Dams impact carbon dynamics in U.S. rivers

Aug 08, 2012

Dissolved organic carbon (DOC)—which leaches into freshwater systems from plants, soils, and sediments, and from other detritus present in the water itself—is the major food supplement for microorganisms and plays an important role in several environmental processes and in the global carbon cycle. In some aquatic systems such as estuaries the optically measurable colored component of dissolved organic matter (CDOM) is often proportional to the concentration of DOC.

CDOM forms when light-absorbing compounds are released into the water by decaying organic material and through photochemical degradation of certain organic compounds. Hence, CDOM reflects not just the environment and ecosystem, which is the source of the detritus, but also processes that deliver the organic matter into aquatic systems. Human activities, such as logging, agriculture, and waste water treatment, also affect CDOM levels in aquatic systems. It is relatively easy and inexpensive to measure the CDOM content in small volumes of water.

To examine the circumstances under which CDOM reflects DOC concentration, Spencer et al. measured CDOM and DOC concentrations in water collected from 30 across the United States; the rivers represent a wide range of climate, watershed environments, ecosystems, and anthropogenic influence. Overall, the authors find that the CDOM level reflects the DOC concentration in the river water, except in four large rivers, namely, the Colorado, Columbia, Rio Grande, and St. Lawrence rivers.

These four rivers either drain from the Great Lakes or have significant restrictions within their watersheds such as building and other similar modifications. These activities result in long residence times of water, which may increase phytoplankton production, the relative contribution from human sources, or degradation of land-derived material by photochemical processes. As a result, there may have been a decoupling of CDOM from DOC, i.e., the amount of CDOM in these four rivers may have decreased without a concomitant decrease in DOC content. On the basis of their findings, the authors suggest that CDOM measurements in rivers are a useful way to investigate water quality and to monitor delivery of DOC into coastal regions as ecosystems respond to human activity and changes in climate in the near future.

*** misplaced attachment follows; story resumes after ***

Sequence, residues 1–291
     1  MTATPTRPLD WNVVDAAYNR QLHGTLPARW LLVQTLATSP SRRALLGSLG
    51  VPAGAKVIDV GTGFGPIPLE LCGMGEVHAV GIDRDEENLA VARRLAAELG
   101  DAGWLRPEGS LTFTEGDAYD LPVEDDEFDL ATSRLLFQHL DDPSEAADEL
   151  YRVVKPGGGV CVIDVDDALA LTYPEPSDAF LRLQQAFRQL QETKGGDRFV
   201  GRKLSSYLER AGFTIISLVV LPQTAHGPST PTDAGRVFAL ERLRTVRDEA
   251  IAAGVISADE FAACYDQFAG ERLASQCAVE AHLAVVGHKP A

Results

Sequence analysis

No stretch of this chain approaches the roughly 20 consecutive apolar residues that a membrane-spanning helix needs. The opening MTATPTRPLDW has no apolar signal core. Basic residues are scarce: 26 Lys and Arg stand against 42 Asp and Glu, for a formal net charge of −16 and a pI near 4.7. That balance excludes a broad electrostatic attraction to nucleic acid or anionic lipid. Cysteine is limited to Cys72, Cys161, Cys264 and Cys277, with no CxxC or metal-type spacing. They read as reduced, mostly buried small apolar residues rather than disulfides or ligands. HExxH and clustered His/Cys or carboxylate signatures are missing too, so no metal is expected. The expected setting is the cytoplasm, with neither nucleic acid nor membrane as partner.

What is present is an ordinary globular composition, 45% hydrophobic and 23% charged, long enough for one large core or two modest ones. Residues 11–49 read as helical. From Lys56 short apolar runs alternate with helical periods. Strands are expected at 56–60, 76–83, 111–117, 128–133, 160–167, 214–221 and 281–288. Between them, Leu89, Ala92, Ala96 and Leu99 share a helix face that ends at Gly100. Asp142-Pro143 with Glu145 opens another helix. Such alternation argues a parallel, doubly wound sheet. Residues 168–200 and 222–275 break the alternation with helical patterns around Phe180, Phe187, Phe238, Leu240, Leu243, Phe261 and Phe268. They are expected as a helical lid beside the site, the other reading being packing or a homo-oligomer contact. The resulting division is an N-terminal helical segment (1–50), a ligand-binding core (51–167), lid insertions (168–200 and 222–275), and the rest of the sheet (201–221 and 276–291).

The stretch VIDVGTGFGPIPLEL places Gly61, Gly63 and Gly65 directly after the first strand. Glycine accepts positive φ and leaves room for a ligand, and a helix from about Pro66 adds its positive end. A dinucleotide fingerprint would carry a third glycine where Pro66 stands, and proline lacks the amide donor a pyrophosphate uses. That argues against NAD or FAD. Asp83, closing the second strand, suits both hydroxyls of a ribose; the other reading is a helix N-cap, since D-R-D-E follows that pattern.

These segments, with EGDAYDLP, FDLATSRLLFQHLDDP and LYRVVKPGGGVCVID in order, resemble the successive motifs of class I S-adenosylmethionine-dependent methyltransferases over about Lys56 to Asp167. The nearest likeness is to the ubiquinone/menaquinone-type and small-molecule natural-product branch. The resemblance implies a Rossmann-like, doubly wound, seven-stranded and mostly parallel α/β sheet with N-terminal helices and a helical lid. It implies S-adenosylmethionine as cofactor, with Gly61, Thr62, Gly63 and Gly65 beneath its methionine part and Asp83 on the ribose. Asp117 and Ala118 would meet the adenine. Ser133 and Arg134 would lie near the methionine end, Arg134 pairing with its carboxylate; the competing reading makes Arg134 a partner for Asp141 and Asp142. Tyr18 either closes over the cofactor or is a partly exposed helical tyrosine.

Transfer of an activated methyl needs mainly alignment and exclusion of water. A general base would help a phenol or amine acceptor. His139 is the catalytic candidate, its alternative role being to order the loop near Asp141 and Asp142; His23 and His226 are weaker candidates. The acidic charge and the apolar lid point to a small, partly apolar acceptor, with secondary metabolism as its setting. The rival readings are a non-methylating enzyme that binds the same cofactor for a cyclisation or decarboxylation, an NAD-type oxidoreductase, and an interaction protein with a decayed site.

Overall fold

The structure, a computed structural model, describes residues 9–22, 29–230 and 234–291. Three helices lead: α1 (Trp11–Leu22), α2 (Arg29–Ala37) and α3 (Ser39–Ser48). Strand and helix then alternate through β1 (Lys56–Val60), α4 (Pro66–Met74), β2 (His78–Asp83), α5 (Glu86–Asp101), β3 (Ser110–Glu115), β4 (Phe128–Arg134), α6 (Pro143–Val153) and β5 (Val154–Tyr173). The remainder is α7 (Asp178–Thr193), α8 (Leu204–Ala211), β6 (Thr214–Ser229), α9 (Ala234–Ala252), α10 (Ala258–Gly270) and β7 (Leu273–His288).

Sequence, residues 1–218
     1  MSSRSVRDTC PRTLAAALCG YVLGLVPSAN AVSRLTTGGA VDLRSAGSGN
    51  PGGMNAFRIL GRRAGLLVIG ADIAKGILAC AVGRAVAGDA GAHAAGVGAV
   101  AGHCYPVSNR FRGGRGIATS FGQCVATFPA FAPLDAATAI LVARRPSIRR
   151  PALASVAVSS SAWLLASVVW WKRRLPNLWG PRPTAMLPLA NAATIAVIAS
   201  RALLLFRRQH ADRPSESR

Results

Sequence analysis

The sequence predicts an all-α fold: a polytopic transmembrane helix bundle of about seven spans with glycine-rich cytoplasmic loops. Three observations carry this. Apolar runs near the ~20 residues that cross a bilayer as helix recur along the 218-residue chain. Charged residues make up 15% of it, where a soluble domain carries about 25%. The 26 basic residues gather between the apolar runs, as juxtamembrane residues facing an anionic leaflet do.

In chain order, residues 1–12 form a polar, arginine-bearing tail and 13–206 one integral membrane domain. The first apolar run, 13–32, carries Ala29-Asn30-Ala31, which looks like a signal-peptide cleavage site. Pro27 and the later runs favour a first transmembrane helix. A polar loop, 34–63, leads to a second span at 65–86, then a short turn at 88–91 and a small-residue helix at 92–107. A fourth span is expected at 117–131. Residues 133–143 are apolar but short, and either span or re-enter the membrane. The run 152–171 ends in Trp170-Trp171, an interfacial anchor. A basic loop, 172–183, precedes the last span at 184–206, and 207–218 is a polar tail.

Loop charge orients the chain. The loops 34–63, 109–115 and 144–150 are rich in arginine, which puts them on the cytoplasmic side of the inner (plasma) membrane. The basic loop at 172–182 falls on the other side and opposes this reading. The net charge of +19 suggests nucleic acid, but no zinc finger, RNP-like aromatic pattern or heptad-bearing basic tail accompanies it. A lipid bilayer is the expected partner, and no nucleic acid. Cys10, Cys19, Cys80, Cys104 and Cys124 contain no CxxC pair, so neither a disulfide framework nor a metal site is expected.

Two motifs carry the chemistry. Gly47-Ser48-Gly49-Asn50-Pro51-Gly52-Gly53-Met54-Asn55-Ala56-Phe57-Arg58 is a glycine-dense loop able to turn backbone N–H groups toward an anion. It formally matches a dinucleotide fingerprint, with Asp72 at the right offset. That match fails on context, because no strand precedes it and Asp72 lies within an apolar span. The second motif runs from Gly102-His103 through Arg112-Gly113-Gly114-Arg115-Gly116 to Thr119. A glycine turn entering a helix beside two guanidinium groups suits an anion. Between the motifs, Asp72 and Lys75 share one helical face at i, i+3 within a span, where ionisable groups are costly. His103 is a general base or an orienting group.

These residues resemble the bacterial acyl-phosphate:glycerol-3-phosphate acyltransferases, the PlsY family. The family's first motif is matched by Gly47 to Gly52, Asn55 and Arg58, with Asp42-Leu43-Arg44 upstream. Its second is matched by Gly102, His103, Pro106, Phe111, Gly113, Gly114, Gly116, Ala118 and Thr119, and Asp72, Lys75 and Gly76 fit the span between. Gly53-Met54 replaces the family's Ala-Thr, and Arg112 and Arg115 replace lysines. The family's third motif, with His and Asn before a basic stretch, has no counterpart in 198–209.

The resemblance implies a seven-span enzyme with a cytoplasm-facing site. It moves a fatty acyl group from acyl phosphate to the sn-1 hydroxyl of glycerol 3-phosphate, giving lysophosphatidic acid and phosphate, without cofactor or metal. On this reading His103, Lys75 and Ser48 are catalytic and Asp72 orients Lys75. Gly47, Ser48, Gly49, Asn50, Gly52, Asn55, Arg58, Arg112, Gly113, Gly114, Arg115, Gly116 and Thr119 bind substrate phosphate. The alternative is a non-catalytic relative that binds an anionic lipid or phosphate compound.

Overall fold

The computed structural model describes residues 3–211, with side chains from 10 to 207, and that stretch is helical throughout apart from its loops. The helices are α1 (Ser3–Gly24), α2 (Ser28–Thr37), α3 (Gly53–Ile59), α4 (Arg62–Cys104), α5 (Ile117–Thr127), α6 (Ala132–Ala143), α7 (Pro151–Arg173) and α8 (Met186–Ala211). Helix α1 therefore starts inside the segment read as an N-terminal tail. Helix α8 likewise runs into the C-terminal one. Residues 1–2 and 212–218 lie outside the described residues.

Explore further: Mountain of electrical waste reaches new peak

More information: “Dissolved organic carbon and chromophoric dissolved organic matter properties of rivers in the USA” Journal of Geophysical Research-Biogeosciences, doi:10.1029/2011JG001928, 2012.

Related Stories

Study of agricultural watersheds and carbon losses

Jun 19, 2009

Dissolved organic carbon (DOC) losses from tile drains are an underquantified portion of the terrestrial carbon cycle. This is particularly important in the eastern corn belt where tile drainage dominates the agricultural ...

Urban impacts on phosphorus in streams

Aug 11, 2011

Although phosphorus is an essential nutrient for all life forms, essential amounts of the chemical element can cause water quality problems in rivers, lakes, and coastal zones. High concentrations of phosphorus in aquatic ...

Recommended for you

Mountain of electrical waste reaches new peak

16 hours ago

A record amount of electrical and electronic waste hit the rubbish tips in 2014, with the biggest per-capita tallies in countries that pride themselves on environmental consciousness, a report said Sunday.

China's struggle for water security

Apr 18, 2015

Way back in 1999, before he became China's prime minister, Wen Jiabao warned that water scarcity posed one of the greatest threats to the "survival of the nation".

Canada revises upward CO2 emission data since 1990

Apr 18, 2015

Canada revised its greenhouse gas emission data from 1990 to 2013 in a report Friday, showing it had higher carbon dioxide discharges each year, and a doubling of emissions from its oil sands.

User comments : 0

Please sign in to add a comment. Registration is free, and takes less than a minute. Read more

Click here to reset your password.
Sign in to get notified via email when new comments are made.